It is hard to disagree with the principles that Stephen Covey describes in his book Principle Centered Leadership but it is arguable that people can show leadership without following them.
Stephen Covey claims that you need to be a very self-aware, mature, principled person to be a leader. His view of leadership shares with most other models the idea that being a leader means being a certain kind of person.
Because character seems to matter more than anything else for Covey, we get the impression that any one who has it could lead in any context on any topic.
However, there are millions of instances of leadership that are content based, such as technological or green leadership, that are not so dependent on being a certain type of person. To fully understand leadership, we need to see how it is possible to lead without following principles such as Covey’s.
First, we need to differentiate between the descriptive and the normative perspective on leadership. The former simply describes how leadership works and includes leadership shown in teenage street gangs, criminal organizations and terrorist groups. The normative slant focuses on how leadership should be shown. The normative angle says that, to be a “great” or widely admired leader, you need to behave in accordance with agreed values or principles.
It is clear that Stephen Covey’s model of leadership is a normative one: he is saying that, to be a leader, you must follow a set of principles. We thus need to examine Covey’s model from both angles: descriptive and normative.
Describing How Leadership Works
We know for a fact that leadership occurs in all kinds of groups, contexts and cultures, many of which have never heard of Stephen Covey or his principles. There are criminal, terrorist, street gang and cult leaders, none of whom you or I might follow but they all have one thing in common: people have chosen to follow them.
If criminals and cult founders can be leaders without following Covey’s principles then they can’t be necessary for leadership to occur. Leadership is a form of influence and it occurs whenever people are influenced to follow, regardless of what the leader is like as a person.
This point can be reinforced by comparing leading to selling. Both are forms of influence but they are different: leadership focuses on achieving shared goals while selling is self-interested. Sales people want to make the most money they can from a sale while the customer has the opposite objective: to get the best possible deal.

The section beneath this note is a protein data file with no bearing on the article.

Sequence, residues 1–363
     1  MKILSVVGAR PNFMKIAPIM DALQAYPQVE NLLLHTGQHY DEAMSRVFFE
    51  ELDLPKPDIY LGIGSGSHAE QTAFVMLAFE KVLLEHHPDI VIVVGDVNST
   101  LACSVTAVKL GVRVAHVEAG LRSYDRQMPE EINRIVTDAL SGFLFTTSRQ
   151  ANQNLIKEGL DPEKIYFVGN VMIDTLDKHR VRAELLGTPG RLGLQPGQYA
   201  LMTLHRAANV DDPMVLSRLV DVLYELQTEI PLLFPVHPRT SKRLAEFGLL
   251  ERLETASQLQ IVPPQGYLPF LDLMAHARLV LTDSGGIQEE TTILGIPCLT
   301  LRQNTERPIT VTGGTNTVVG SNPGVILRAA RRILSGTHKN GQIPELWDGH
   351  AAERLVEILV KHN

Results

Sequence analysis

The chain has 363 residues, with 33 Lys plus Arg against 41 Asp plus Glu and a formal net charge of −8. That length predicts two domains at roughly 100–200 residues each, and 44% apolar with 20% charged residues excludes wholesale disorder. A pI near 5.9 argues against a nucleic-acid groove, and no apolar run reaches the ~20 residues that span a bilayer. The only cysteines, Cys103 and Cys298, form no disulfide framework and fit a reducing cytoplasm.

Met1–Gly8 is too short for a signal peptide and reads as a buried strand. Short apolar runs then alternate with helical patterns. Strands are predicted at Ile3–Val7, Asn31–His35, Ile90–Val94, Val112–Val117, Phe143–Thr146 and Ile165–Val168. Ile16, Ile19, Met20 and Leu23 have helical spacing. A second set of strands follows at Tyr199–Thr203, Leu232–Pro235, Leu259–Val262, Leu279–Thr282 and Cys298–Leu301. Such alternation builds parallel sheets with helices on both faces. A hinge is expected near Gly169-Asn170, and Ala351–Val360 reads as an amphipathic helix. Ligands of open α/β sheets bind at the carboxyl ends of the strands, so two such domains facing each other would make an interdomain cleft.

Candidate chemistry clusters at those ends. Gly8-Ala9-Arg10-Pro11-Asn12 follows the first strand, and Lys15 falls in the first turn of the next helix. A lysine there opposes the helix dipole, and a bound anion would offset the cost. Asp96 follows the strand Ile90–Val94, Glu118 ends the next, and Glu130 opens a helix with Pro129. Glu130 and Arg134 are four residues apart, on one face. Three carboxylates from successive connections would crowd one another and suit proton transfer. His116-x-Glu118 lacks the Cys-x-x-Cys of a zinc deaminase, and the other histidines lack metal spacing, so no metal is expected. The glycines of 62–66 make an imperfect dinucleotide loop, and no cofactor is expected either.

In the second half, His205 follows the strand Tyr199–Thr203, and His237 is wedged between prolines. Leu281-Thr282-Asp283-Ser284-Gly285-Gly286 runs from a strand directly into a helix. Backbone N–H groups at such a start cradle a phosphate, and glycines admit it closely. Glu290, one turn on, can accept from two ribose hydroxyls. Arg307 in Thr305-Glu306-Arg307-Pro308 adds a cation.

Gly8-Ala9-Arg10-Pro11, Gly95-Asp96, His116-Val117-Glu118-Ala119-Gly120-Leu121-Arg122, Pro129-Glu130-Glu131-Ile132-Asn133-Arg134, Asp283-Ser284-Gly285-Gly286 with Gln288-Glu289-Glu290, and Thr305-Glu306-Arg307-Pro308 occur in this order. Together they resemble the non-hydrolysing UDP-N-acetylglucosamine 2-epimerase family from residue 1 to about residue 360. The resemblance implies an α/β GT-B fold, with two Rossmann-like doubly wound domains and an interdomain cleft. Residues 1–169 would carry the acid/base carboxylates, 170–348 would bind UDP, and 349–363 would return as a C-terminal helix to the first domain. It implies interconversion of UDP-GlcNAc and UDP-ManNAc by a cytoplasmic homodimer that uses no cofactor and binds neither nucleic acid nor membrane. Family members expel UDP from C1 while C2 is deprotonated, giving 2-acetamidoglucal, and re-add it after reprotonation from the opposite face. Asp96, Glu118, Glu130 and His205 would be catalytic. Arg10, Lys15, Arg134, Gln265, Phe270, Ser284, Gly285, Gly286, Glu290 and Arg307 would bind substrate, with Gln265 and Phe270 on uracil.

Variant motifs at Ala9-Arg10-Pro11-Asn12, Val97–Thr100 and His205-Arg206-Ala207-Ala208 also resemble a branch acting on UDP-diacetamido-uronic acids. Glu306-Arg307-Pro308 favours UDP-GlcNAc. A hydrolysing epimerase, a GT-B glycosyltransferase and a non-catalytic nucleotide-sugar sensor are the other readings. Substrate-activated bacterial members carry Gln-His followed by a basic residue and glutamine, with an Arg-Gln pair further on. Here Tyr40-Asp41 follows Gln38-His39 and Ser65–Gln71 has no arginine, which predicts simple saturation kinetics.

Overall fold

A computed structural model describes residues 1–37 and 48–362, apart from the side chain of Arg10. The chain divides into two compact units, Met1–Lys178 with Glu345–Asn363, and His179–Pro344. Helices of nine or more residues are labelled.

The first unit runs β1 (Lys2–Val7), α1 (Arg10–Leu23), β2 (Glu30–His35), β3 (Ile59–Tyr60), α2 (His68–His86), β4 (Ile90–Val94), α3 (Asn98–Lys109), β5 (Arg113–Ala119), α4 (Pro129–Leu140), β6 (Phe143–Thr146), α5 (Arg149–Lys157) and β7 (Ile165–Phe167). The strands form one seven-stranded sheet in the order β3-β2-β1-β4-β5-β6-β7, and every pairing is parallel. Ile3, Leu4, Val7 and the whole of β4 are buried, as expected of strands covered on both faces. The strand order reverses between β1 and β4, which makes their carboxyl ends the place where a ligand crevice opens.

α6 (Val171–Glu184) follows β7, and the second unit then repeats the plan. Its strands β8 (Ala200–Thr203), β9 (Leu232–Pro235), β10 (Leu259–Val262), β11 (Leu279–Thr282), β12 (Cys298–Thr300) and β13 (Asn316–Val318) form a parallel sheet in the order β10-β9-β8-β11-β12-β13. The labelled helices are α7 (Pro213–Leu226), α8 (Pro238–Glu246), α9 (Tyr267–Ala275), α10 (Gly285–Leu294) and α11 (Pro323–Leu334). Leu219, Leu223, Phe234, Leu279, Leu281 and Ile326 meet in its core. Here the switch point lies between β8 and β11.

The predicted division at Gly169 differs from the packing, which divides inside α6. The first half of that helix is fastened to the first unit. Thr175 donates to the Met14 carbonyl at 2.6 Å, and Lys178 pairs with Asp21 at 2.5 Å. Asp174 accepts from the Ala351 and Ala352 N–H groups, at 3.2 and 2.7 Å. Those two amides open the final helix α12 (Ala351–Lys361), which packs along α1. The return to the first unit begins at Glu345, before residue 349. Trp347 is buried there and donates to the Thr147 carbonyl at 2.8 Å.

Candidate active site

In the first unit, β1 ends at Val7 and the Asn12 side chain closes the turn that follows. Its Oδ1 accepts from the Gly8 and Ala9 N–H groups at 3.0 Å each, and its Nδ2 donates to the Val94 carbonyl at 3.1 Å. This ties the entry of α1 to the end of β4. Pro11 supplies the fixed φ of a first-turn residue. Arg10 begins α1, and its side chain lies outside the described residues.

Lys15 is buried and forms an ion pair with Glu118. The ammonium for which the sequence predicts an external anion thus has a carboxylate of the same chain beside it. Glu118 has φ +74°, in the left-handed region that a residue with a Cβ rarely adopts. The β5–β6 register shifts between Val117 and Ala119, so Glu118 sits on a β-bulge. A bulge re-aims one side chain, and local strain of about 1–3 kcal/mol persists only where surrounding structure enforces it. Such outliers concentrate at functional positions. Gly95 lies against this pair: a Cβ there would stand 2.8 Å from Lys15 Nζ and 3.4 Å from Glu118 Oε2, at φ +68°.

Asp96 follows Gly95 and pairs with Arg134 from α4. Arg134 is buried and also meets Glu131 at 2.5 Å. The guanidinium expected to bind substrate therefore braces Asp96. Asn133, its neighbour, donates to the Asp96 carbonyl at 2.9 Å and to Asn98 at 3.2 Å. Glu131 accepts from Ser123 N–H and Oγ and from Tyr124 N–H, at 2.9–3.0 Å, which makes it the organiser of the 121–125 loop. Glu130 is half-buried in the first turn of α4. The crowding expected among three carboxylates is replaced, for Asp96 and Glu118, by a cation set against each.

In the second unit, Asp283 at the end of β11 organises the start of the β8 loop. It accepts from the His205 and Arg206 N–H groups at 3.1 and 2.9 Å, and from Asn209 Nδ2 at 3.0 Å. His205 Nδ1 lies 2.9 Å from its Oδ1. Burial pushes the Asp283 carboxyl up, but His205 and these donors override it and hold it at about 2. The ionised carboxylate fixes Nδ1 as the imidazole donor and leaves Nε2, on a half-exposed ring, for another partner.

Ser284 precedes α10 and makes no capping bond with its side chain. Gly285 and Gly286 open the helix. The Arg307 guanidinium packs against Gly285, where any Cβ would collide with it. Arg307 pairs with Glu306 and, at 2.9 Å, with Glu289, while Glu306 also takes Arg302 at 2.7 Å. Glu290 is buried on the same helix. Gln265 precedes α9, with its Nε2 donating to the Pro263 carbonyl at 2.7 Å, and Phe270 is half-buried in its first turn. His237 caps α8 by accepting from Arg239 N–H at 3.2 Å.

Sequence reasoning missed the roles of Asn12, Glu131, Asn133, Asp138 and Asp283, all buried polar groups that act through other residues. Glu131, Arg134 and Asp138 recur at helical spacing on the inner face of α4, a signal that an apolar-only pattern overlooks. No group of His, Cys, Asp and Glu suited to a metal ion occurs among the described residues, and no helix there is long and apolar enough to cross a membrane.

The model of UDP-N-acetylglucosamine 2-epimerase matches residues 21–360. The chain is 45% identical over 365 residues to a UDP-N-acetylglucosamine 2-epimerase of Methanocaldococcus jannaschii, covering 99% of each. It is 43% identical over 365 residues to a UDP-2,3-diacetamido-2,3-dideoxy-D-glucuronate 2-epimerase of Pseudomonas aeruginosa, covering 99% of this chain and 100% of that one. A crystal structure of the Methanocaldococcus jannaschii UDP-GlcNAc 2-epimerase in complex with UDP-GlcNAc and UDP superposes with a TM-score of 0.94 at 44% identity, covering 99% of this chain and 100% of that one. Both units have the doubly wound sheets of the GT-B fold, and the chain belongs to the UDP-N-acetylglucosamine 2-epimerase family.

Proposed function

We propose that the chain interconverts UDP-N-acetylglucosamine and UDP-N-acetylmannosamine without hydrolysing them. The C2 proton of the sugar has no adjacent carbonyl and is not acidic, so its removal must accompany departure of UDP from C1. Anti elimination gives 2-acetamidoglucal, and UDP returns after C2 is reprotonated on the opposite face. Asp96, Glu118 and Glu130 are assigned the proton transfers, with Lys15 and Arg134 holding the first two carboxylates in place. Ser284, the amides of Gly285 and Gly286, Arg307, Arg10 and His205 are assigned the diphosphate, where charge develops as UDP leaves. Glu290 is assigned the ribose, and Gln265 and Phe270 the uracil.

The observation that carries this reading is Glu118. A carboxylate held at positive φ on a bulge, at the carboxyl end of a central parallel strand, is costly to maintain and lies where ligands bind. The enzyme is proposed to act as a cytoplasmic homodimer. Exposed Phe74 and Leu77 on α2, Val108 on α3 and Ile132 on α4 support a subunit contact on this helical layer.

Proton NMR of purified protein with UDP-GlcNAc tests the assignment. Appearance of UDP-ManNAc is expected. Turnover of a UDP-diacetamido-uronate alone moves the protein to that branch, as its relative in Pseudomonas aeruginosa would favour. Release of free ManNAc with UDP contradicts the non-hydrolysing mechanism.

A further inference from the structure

But, leading and selling have something important in common: they only occur when someone follows or buys, that is, when their particular form of influence works. Otherwise, we have only attempted leadership or sales.
This means that leading, like selling, is actually an impact, as is all influence in fact. With regard to sales, we say that “there is no accounting for taste” or “there’s a sucker born every minute.” These derogatory sayings show that selling is not just about the character of the sales person but what the customer likes to buy.
Similarly, we may be baffled about why people followed Adolf Hitler or notorious cult leaders, but the same process is at work. Leadership occurs when people follow. Two points can be made on the basis of this discussion.
- Leadership can be shown by some pretty unprincipled people.
- Leadership cannot be defined as an input anyway; it’s not about the person leading; it’s about the follower’s decision to follow. That is, like sales, it’s an impact or output.
This means that, from a purely descriptive point of view, it is pointless to discuss what type of person it takes to be a leader because the truth is that any kind will do as long as some people think that such a person is worth following.
Of course we could ask a different kind of descriptive question. Instead of asking what it takes to be a leader in general, we could ask what it takes to lead a large, publicly accountable organization in modern democratic countries. The latter is a much narrower question, but it is the one that most leadership gurus want to answer. Their ideal examples of “great” leaders are famous political leaders like Winston Churchill or larger-than-life CEOs like Jack Welch.
But, as I have argued in “The Ideal Leader” our decision to ignore inconvenient examples of leadership and focus on our “ideal” image of the leader says more about us and our needs than it does about how leadership actually works.
To conclude this discussion of the descriptive slant on leadership, the bottom line is that it is possible to show leadership without following any principles such as those Covey advocates. Further, a lot of leadership is not what he calls “inside out” by which he means that leaders first know themselves before they lead others, that their leadership is based on their character.